Curiosity got the best of me and I bought Zima. I’m an 80’s kid that saw Zima when I was young but it died long before I could buy it.
I’ve roasted my own grains before based on a website I found Home Roasting Grains
I think home roasting adds new flavors to your beer because at home barley does not get roasted evenly.
For my home roasting you need:
1 pound of barley, I roast uncrushed but I’ve heard of people roasting crushed barley
cookie sheet and oven
I put the oven on 375 F, and put the unroasted barley in
After 30 minutes at 375 F
See how there is uneven roast. That’s ok it adds a unique taste.
I scooped off half of the barley and put the rest in spreading out over a thin layer.
After 50 minutes at 375 F
The barley is resting in paper bags for the next week or two until I’m ready to brew. Home roasting is a fun way to add a unique taste to your homebrew.
I just used an oven. I’ve heard of people getting fancier with their roast with this
Prison wine experiment
I’ve been reading several blogs about how to make prison wine. One thing I thought when reading the blogs is any sugar source will ferment; I’m going to try my experiment with just sugar water. I’m not using orange juice or any other juice. My thought is does bread have enough yeast to actually ferment anything? Basically, fermentation is when yeast eats sugar and produces C02 and alcohol.
My hypothesis is bread will not cause fermentation; it will be a big mold mess.
Most guys in prison use freezer bags to ferment in. I work full time and I don’t have time to babysit a freezer bag and release pressure from fermentation. If the freezer bag gets too full of C02 from the fermentation the bag will explode.
To do this experiment I have:
½ gallon growler
6.5 rubber stopper with a hole for airlock
I put 1 cup of sugar in the growler
I put in around 32 oz of warm tap water from the tap on the sugar.
2 piece of grocery store white bread
I crumpled up the bread with my bare hands, then took an original gravity reading.
I took a refractor meter reading. After the bread was put in the original gravity read is 1.055
I put the airlock on and waited for the best.
24 hours no activity, I swirled the growler like I’m making a starter.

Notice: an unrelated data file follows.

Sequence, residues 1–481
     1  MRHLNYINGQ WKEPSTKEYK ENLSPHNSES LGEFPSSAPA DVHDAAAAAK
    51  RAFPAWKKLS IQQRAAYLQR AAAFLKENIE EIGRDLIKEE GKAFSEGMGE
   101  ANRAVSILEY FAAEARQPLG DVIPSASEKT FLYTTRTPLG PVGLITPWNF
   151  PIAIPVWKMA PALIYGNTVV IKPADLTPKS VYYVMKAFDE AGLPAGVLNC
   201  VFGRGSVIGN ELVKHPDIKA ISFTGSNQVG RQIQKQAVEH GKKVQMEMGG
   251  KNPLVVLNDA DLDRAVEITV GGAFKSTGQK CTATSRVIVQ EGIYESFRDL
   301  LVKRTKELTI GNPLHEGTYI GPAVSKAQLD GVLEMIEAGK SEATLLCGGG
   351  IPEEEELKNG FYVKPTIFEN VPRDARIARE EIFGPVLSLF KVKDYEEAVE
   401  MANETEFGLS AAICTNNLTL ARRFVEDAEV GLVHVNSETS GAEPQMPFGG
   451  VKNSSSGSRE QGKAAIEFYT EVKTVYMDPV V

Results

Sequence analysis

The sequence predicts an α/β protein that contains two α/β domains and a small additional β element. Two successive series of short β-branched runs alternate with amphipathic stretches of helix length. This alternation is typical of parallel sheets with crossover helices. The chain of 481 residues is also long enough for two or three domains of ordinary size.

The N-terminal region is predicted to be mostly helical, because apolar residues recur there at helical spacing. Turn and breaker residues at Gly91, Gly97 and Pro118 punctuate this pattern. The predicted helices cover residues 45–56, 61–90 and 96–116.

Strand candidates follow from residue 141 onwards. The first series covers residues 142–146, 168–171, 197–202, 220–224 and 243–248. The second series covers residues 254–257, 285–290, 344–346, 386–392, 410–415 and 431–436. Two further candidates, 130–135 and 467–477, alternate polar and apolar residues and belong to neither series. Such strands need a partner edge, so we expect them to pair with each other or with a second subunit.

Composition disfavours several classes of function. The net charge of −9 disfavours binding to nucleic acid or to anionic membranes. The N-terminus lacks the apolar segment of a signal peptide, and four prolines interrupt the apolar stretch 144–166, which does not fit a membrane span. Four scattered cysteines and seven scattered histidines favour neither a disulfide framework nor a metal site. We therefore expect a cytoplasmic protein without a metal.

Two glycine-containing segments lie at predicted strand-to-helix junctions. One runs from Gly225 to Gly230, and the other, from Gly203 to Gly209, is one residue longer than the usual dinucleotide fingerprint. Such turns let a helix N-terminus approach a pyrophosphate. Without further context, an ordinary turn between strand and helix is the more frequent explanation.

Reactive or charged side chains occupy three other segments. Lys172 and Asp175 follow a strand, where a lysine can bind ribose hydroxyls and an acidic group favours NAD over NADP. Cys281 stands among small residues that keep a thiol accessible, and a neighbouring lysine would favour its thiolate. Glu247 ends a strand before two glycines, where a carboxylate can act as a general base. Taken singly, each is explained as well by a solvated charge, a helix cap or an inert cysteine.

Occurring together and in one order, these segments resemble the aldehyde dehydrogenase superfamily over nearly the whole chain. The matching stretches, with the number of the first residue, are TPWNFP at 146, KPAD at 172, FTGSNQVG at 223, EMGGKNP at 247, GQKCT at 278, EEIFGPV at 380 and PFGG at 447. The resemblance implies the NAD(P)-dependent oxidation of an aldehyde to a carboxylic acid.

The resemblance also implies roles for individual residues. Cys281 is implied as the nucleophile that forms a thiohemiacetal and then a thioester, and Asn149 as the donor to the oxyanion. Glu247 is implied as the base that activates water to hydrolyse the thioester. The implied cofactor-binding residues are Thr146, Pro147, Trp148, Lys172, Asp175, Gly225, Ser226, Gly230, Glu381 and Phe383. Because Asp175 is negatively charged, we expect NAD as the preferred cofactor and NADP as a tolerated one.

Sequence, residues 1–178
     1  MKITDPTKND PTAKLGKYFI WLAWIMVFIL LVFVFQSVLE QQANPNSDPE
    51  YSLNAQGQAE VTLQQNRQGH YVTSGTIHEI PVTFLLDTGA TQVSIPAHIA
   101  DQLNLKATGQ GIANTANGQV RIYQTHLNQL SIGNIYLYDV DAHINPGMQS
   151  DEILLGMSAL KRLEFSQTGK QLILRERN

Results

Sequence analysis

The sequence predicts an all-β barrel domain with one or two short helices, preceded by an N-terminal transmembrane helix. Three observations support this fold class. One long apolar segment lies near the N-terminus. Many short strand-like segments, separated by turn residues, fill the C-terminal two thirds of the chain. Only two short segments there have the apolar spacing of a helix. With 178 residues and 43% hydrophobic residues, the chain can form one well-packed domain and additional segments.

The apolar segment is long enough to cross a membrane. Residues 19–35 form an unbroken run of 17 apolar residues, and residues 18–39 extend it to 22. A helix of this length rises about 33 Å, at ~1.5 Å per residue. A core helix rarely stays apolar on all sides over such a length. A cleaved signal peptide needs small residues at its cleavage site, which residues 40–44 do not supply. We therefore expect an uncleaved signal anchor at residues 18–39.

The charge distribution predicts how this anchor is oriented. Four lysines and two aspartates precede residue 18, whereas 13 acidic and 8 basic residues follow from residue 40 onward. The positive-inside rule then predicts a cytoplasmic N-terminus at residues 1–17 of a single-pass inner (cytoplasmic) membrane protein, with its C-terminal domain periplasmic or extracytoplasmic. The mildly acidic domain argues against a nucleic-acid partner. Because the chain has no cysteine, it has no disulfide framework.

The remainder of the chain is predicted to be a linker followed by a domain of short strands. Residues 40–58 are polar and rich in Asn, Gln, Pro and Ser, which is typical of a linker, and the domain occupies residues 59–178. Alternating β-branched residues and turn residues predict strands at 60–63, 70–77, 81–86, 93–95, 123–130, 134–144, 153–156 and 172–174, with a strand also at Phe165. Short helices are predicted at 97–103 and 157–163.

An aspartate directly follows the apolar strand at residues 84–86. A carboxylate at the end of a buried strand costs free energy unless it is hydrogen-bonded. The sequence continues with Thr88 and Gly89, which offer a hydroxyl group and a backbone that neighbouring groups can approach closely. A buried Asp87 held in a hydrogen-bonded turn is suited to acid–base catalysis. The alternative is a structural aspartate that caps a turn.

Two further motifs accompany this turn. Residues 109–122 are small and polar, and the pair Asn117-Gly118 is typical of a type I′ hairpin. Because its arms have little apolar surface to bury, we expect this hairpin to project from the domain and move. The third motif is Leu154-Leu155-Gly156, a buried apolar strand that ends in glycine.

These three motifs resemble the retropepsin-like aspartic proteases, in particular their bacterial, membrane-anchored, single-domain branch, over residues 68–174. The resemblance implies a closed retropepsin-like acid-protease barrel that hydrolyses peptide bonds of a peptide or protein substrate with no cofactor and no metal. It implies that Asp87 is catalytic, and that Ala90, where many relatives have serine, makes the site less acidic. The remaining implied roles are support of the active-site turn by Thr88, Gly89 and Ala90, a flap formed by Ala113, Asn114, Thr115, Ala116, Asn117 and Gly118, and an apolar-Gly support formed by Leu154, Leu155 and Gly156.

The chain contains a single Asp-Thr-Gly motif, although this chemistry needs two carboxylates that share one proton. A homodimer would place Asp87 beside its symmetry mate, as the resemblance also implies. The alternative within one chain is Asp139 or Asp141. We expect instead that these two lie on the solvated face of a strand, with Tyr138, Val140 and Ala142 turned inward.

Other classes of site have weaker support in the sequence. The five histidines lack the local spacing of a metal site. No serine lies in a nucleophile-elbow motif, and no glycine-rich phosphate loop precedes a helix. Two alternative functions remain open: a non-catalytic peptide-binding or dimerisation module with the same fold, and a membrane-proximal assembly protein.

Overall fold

36 hours airlock activity!
I didn’t see any changes after 72 hours. Look similar to lemonade.
After 6 days I opened the airlock, filtered out the bread and took refractor meter readings.
The bread I filtered off smelled like old bread and gym socks.
I showed a final gravity read of 1.054 or 1.053, when doing calculation the wine came out to be 0.42% ABV or 0.75% ABV. So it did ferment, but not much.
I had to wash away the taste with homebrew beer.
There are 2 ways I’m aware of to Force Carbonate.
1st is the method I use most often. I think I read somewhere that you stand less of a chance for the beer to get stale, the drinkable
time frame of the beer last longer.
First, put the keg cold in the fridge not carbonated. Cold beer with hold more C02 than warm beer will.
After kegging the beer, connect the tank and regulator to the beer turn the regulator up to 30 p.s.i. Purge the air in the keg so only
C02 is in the keg. Leave for at least 24 hours, release the pressure and set the the regular and tank on to hit the beer with 10 p.s.i. of C02.
This method will be less physical work than shaking 5 gallons of beer, and it does take a day or two of leaving the beer at a high p.s.i.
Pro: Less likely for beer to be stale or oxygenated
Con: Takes a few days to get carbonated, could drink flat beer.
2nd method is crank and shake.
After kegging beer connect the tank and regulator. Turn pressure on the regulator up to 30 p.s.i. Bleed off the oxygen, by opening the
keg valve, so only C02 is left in the keg. For 60 seconds shake the keg from side to side.
This will instantly give you carbonated beer, but I’ve heard that the beer stands a chance of going stale faster. Before serving make sure to release keg pressure down to a serving level of 8 p.s.i to 10 p.s.i.
Pro: Instantly carbonated beer
Con: Higher chance of beer going stale. Beer can get over carbonated.
There are pros and cons to both methods. I guess it depends on the situation, for example if you need carbonated beer now for a party.
Normally when I brew I’m the only one drinking most of the keg. I want the keg to last as long as possible. It’s common for a keg of homebrew to last me 4 to 6 months. I use the first method.
Recently I brewed a beano beer. I thought the beer might have been infected, but I kegged it anyway. It’s only 2.5 gallons. I did the crank and shake to get instant carbonation. Beano beer is not infected, it’s a light beer with no body and no hops. I don’t care how long I have this beer on tap, I’m already planning my next brew.